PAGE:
Four relevant studies were identified: two RCTs (n=64, range 25 to 39) and two CCTs (n=312, range 52 to 260). Both RCTs had power calculations, adequate recruitment and statistics, and good external validity, but no blinding, no intention-to-treat analysis. Both RCTs had 11% post randomisation exclusions. Only one RCT reported allocation concealment. There was potential bias in allocation to groups in both CCTs. Both CCTs had no blinding and there were some baseline differences between the trial groups. Both CCTs gave details of confounders, adverse effects and statistics used.
Meta-analysis of the RCTs gave a significant reduction in both primary length of stay and total length of stay for the enhanced recovery intervention compared to controls (WM -3.64 days, 95% CI -4.98 to -2.29, I2=0% and WM -3.75 days, 95% CI -5.11 to -2.40, I2=0%). Meta-analysis was not carried out for the CCTs, which only reported postoperative length of stay data.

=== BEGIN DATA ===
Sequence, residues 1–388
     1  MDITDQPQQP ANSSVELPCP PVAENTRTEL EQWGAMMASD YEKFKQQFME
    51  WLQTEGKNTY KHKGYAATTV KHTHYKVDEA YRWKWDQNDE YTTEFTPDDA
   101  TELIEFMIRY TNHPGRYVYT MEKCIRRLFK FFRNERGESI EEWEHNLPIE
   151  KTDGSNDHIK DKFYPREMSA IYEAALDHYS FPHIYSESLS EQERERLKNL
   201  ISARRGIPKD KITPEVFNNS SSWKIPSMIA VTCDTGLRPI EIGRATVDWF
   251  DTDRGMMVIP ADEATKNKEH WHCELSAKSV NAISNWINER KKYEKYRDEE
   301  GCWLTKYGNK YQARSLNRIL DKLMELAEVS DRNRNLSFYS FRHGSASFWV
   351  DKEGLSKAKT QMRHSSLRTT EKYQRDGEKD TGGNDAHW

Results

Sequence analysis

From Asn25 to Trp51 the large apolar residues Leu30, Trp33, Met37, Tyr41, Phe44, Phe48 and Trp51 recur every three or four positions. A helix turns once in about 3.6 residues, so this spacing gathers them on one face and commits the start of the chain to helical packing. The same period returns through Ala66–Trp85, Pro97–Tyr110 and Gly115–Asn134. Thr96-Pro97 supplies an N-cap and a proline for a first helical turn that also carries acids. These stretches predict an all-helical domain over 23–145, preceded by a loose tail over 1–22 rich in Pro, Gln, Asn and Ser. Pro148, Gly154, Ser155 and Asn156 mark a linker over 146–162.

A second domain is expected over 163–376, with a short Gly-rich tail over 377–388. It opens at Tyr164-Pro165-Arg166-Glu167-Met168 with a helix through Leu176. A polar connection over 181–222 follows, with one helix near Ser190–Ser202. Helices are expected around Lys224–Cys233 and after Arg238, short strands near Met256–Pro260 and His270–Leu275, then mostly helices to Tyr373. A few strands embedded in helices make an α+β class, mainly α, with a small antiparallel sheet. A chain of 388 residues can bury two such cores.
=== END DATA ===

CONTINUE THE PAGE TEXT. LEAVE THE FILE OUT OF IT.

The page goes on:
Meta-analysis of the RCTS for morbidity gave no significant difference between the two groups. The pooled analysis of the CCTs showed a significant reduction in morbidity with enhanced recovery (RR 0.44, 95% CI 0.32 to 0.61, I2=0%). There was no significant difference in mortality found with the pooled analyses of either RCTs or CCTs for enhanced recovery compared to controls.
Only one RCT reported any 30-day readmissions and there was no significant difference between the control and intervention groups. The pooled analysis of the CCTs for 30-day readmissions found a significantly higher number of readmissions with enhanced recovery compared with controls (RR 1.73, 95% CI 1.00 to 3.01, I2=0%).